The Oramics to Electronica Exhibition includes a wide range of electronic music making items (housed in what look like Victorian display cabinets) from the egg slicer and lamp shade of the early Radiophonic Workshop days to an example of the current trend for lo-fi circuit bending of hobbyists and fringe musicians (represented by an altered Speak and Spell toy).  I believe many of these items were taken from the Science Museum’s storage and included the Fairlight CMI which was a commercially available and widely used (but extremely expensive) digital version of the Oramics machine designed and build in Australia from 1979 (although I don’t believe the Australian designers had any knowledge of Daphne’s creation).  There is the hardware, which includs the EMS VCS3 (and the portable Synthi-A version – a synth in a briefcase) but there was also some software including Koan (development started in 1990 and was commercially released in 1994) which uses a home computer to generate its own unique music (Brian Eno used it for an album called Generative Music 1 (1996)).

Before I found the exhibition I wandered round the Science Museum, something I hadn’t done since I was at school, and I found it fascinating – I tend to gravitate towards the Victoria & Albert Museum (and it is significantly quieter without all the kids running around!) but the Science Museum is another of London’s truly great institutions.  I had just come from the British Design Exhibition at the V&A, which cost £12, to see a supposedly  15 minute free exhibition (although I’ve no idea how long I was there!) and I thought it was a far more satisfying experience (in part due to my excited re-discovery of the museum as a whole).  the exhibition did not seem to have a particular structure and there are many other stories of electronic music which were not touched on (understandable in such a small space), but the exhibits that were included had fascinating stories of their own – it was great to see prominence given to an aspect of music which seems to be largely ignored or forgotten about.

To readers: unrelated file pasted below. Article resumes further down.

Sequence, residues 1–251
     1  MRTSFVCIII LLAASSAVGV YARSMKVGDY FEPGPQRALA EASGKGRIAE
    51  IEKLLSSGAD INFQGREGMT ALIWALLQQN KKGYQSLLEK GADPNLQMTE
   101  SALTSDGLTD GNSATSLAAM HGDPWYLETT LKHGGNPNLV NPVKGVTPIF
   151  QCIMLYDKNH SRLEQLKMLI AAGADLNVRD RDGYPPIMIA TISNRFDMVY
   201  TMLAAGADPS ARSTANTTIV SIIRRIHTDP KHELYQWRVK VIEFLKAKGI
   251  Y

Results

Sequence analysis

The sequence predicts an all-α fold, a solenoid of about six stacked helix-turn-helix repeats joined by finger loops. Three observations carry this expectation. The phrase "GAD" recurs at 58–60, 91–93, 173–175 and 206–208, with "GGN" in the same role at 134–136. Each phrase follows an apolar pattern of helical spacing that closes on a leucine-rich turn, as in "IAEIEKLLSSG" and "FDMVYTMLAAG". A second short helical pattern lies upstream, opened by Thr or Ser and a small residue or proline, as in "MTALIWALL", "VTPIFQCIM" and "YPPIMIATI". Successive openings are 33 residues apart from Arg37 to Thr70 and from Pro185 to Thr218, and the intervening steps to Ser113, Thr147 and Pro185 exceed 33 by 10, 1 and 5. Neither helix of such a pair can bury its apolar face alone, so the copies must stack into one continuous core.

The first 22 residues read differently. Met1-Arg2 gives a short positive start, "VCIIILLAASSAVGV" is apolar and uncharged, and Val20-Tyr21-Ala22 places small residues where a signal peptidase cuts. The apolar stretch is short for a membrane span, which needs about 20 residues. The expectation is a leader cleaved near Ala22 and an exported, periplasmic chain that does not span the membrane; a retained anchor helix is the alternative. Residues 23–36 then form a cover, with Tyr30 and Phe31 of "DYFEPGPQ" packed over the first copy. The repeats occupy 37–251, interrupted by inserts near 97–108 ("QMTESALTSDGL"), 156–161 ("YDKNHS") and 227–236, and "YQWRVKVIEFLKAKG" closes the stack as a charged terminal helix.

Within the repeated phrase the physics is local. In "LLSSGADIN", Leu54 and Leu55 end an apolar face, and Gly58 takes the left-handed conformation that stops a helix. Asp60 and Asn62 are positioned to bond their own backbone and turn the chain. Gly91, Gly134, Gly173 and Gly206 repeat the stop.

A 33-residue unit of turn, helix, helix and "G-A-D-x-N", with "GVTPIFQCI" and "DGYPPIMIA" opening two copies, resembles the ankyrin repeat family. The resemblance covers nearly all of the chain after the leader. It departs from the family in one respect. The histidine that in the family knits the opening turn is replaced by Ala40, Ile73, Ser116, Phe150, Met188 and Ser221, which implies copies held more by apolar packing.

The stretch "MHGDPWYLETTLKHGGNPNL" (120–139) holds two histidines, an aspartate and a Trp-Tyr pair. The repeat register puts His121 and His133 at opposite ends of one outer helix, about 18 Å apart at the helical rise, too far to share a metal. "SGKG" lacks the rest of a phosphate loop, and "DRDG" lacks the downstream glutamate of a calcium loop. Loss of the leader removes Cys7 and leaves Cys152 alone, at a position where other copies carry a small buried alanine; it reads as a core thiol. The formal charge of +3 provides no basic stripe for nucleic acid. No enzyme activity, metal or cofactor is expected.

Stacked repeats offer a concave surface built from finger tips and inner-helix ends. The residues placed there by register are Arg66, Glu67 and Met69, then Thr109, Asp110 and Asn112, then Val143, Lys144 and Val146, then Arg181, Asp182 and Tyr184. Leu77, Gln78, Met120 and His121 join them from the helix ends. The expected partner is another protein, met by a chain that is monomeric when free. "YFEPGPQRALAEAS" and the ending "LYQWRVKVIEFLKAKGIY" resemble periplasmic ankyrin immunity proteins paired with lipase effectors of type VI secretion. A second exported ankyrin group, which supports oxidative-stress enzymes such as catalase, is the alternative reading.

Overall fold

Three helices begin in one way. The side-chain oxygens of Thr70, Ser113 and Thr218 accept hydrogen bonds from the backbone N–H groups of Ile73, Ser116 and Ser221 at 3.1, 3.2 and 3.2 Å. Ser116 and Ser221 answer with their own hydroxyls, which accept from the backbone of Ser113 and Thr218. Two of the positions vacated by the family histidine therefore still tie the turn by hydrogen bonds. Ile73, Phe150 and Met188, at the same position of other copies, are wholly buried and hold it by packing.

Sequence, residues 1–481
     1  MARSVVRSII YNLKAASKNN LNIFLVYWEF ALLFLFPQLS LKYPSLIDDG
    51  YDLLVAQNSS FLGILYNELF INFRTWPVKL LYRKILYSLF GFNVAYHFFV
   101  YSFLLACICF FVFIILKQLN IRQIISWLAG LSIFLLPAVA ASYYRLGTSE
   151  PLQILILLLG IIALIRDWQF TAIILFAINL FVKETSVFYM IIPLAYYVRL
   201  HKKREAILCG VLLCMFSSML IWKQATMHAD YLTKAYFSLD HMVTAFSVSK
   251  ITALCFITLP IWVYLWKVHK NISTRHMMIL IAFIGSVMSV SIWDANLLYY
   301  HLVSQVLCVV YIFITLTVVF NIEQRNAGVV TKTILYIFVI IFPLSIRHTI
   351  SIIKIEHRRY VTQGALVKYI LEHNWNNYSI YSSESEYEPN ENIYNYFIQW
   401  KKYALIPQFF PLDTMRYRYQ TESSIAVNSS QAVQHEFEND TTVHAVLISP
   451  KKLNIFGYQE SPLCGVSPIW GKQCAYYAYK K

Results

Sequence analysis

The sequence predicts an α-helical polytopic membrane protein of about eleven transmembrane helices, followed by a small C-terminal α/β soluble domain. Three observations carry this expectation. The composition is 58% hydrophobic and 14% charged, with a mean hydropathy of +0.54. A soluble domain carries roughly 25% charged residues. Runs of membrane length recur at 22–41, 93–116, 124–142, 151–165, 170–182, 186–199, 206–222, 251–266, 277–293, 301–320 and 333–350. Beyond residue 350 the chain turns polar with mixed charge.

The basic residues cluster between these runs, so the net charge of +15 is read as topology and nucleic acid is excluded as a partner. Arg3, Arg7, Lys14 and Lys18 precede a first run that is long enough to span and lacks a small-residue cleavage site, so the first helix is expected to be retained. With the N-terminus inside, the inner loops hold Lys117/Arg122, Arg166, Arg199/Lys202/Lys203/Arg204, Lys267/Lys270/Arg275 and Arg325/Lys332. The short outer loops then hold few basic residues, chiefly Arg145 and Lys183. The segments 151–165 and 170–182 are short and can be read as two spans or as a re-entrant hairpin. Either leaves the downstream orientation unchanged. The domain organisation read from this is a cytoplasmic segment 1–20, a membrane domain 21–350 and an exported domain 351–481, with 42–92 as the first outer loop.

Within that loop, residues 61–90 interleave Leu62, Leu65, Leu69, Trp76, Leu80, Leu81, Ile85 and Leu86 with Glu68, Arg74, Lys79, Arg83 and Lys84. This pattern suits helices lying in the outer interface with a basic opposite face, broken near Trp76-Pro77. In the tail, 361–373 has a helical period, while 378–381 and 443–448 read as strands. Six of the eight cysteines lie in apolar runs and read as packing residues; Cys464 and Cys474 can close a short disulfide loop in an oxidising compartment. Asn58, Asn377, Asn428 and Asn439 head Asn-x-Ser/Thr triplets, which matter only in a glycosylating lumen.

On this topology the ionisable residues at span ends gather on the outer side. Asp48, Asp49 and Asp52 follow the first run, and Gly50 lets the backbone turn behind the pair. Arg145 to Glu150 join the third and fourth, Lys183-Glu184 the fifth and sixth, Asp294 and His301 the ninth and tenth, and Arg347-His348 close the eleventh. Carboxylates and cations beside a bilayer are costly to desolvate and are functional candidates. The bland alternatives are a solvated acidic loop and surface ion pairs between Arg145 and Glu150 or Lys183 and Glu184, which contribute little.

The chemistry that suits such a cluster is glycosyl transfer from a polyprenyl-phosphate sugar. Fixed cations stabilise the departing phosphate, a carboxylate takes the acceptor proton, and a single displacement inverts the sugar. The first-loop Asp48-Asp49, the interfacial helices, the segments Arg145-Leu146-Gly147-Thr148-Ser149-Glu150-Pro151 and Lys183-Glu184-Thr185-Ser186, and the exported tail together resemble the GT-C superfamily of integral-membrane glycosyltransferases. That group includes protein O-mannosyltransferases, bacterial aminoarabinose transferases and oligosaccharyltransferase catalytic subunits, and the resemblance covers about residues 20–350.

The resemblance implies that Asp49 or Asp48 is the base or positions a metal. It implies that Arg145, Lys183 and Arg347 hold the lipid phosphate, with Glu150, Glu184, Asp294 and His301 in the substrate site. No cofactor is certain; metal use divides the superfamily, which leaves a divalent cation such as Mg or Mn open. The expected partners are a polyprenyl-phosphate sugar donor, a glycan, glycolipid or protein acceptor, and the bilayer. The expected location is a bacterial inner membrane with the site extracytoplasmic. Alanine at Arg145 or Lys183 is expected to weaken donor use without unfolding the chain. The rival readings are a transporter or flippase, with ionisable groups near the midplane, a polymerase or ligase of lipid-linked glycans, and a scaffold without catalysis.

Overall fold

If you are at all considering having a look, or have the vaguest interest in electronic music or technology in general (there’s plenty in the museum to satisfy your curiosity!) then do go – you only have until December 2012!

By the way there is another interesting free exhibition opposite the Oramics display all about Alchemy (Signs, Symbols, Secrets: An Illustrated Guide To Alchemy) – I’m not sure if the similarity of Alchemy (using science and art to turn one thing into another) to electronic music (using science and art to create something out of nothing) was realised by the curators, but it certainly works well as a companion exhibition.